Skin Conditions Related to Crohn’s Disease

Crohn’s Disease Skin Rashes: What are They?

The most common skin manifestation of Crohn’s disease is dermatitis herpetiformis (DH). DH is a type of itchy red rash that occurs on the palms, soles, scalp, armpits and groin area. The rash may appear anywhere from one day to several weeks after exposure to an allergen or irritant. Most often, the rash appears first on these areas and then spreads to other parts of the body. The rash usually begins with small blisters which heal within a few days. However, some patients have persistent rashes even years after their initial contact with an allergen or irritant.

Other skin manifestations of Crohn’s disease include erythema multiforme (EM), which is characterized by redness and swelling of the affected areas; pruritus, which is itching sensations in the affected areas; and urticaria, which causes burning sensation in the affected areas. All of these skin rashes are usually the result of an allergic reaction to food, medication or stress.

Crohn’s disease also affects the nails and causes them to become thin and brittle. This can lead to a condition called onycholysis, which is a separation of the nail from the bed.

What is the relationship between Crohn’s disease and skin conditions?

The relationship between inflammatory bowel disease and skin conditions is not fully understood by medical science. Researchers have found that some people may develop skin conditions as a result of malnutrition from the disease or due to the effects of drugs used to control their inflammatory bowel disease. These skin conditions can include fungal infections, psoriasis, itchy skin rashes and perhaps even skin lesions similar to eczema.

What is dyshidrotic eczema?

Dyshidrotic eczema or dyshidrotic dermatitis is a skin rash that primarily affects the fingers and toes. This skin rash is more common in the summer months and may cause itching, burning, stinging and/or swelling of the affected areas. The rash usually appears as small, itchy blisters on the fingers and toes. These blisters are prone to cracking and bleeding easily.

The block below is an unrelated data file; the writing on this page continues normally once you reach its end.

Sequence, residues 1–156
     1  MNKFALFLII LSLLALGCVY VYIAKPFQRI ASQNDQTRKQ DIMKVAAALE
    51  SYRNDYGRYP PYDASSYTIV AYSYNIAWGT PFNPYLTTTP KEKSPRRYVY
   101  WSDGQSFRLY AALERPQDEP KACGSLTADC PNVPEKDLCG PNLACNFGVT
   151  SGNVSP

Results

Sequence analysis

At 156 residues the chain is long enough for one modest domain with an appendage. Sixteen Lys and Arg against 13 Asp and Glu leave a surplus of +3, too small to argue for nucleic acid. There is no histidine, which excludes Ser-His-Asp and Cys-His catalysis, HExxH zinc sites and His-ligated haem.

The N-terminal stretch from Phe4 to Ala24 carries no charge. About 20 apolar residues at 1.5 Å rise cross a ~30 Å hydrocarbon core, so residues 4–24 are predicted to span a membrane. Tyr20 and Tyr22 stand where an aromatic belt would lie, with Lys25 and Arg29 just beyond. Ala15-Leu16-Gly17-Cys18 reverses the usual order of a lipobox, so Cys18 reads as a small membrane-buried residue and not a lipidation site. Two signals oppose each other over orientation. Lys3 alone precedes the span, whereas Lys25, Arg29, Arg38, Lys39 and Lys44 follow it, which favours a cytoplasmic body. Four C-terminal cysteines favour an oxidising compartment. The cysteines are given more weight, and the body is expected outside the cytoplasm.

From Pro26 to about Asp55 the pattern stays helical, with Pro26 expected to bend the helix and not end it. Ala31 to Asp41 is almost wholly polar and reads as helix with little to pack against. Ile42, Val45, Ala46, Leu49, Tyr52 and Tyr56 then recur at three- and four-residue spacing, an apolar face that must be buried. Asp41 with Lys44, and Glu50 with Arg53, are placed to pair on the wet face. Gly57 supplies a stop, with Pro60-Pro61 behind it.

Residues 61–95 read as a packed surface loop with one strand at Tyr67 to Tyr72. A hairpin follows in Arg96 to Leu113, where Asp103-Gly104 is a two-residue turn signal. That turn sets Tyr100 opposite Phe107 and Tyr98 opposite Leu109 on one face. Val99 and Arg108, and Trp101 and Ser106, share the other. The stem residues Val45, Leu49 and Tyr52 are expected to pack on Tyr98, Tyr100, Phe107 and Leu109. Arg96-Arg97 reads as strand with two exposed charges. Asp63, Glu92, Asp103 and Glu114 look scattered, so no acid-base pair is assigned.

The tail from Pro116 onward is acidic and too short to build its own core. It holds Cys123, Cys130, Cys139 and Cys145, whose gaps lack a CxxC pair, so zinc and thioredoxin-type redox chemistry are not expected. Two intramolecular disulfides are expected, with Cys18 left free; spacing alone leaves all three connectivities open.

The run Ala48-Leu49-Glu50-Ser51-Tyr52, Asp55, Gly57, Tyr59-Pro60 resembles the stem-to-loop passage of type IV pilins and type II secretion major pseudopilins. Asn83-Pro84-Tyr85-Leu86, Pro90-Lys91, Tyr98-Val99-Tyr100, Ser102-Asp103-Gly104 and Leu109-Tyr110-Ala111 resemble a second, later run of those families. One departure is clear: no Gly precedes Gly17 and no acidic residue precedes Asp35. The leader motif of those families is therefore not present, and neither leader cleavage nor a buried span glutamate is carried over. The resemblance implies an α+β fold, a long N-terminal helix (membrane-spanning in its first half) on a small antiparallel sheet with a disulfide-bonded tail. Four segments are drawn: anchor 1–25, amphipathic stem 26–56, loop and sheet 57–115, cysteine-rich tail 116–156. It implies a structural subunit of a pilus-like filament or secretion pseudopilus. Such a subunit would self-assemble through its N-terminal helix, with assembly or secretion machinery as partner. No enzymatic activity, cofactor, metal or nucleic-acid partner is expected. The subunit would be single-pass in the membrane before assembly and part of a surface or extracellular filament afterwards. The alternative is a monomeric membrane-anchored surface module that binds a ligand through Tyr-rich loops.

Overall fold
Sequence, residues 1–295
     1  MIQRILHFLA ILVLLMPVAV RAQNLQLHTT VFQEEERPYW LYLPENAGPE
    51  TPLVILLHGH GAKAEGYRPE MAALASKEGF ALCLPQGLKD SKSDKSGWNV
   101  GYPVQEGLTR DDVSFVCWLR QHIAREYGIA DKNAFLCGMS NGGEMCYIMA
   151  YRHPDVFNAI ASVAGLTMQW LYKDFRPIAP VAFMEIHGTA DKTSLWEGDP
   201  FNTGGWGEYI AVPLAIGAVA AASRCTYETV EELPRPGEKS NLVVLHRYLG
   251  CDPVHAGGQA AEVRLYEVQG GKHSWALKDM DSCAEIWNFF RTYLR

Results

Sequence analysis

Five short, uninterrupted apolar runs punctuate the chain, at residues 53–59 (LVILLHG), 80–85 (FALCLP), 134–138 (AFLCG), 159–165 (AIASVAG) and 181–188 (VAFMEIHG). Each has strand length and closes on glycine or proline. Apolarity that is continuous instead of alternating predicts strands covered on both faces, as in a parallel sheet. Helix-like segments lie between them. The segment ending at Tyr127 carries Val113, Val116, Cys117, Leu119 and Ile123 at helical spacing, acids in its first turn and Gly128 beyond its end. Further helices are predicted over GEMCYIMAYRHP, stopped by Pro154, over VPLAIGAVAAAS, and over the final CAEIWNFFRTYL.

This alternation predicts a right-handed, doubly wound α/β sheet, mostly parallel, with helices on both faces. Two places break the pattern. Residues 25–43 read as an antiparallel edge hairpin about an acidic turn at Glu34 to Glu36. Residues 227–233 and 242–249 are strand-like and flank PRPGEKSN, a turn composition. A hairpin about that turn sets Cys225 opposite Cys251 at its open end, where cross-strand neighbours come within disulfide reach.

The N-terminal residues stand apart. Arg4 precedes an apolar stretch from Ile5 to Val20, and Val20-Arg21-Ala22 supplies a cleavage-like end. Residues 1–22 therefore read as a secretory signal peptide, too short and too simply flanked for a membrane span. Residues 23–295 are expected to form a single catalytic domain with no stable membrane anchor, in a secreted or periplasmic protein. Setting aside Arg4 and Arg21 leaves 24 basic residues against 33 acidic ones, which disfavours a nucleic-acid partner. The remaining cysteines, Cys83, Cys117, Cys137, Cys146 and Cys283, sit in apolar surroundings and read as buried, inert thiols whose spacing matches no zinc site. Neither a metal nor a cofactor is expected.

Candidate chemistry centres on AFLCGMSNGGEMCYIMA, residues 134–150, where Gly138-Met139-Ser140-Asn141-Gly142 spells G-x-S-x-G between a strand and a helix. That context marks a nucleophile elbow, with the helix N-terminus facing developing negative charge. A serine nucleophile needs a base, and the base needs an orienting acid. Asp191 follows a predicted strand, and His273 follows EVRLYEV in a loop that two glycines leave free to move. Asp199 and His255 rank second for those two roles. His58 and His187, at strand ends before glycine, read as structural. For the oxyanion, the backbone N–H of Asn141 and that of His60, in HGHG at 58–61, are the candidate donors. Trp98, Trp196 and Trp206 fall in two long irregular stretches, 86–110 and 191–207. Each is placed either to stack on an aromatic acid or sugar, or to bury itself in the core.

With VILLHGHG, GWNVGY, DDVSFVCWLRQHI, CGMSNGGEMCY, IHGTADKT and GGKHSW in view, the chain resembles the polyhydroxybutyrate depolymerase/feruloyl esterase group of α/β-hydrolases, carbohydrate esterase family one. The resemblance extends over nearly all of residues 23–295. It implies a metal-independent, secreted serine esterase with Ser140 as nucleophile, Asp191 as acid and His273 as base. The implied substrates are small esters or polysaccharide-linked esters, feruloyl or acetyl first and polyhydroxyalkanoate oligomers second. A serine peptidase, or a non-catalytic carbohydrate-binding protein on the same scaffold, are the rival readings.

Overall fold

Dyshidrotic eczema is also known as “pompholyx” or vesicular palmar dermatitis. This condition most often affects children, pregnant women and people who are under a great deal of stress. It is also more common in people who work with abrasive powders or soaps, in people with skin that is sensitive to heat and in people that have a history of allergies or atopic conditions such as hay fever, asthma or hives.

Some medical professionals also think that dyshidrotic eczema may be triggered by contact with nickel, which is a common component of jewelry and watch straps.

What should you do if you think you may have dyshidrotic eczema?

If you think you may be experiencing the symptoms of dyshidrotic eczema, it is important that you see your doctor for a diagnosis. Your doctor will want to perform an examination of the affected areas to rule out skin conditions that are not dyshidrotic eczema. If you have recently started a new medication or changed your cleaning products, this could also be the cause of the rash.

Your doctor may refer you to a dermatologist, a doctor who specializes in the treatment of conditions affecting the skin, hair and nails. A dermatologist can perform tests to rule out other skin conditions that may be causing your symptoms.

How is dyshidrotic eczema treated?

Treatment for dyshidrotic eczema is aimed at relieving the burning and itching sensations. Your doctor may recommend that you take an antihistamine to control your allergic reaction and reduce the itch. Your doctor may also recommend that you apply a topical steroid or calcineurin inhibitor cream, ointment or lotion to ease discomfort.

If you are experiencing severe skin cracking or bleeding of the skin, your doctor may recommend that you wear gloves until the condition has improved. When wearing gloves, it is important to change them regularly and wash them daily since you are more prone to getting fungal or bacterial infections.

It is also important to keep your hands and feet moisturized and avoid working with any substance that may irritate your skin.

If dyshidrotic eczema is caused by contact with an allergen or irritant, you should avoid contact with whatever is causing the reaction. If you wear leather or cotton gloves or socks and change them daily, this may help stop the allergic reaction. You should also avoid working with any irritants, such as soaps, chemicals or cleaning products.

Severe dyshidrotic eczema may require the use of immunosuppressant drugs if the above treatments are ineffective or if the symptoms are severe.

What is the prognosis?

The prognosis for dyshidrotic eczema is generally good. Most people make a full recovery within two weeks, but there is a chance that your skin condition may be exacerbated by stress or weather changes. In this case, the condition should respond well to treatment.

If the condition does not improve in two weeks, see your doctor for a different treatment or you may need to see a dermatologist if the condition becomes severe or painful.

Sources & references used in this article:

Cutaneous manifestations of Crohn’s disease by W Burgdorf – Journal of the American Academy of Dermatology, 1981 –

Further evidence for an association between psoriasis, Crohn’s disease and ulcerative colitis by V M. YATES, G Watkinson… – British Journal of …, 1982 – Wiley Online Library

Etanercept for active Crohn’s disease: a randomized, double-blind, placebo-controlled trial by WJ Sandborn, SB Hanauer, S Katz, M Safdi, DG Wolf… – Gastroenterology, 2001 – Elsevier

Skin complications associated with inflammatory bowel disease by F Tavarela Veloso – Alimentary pharmacology & therapeutics, 2004 – Wiley Online Library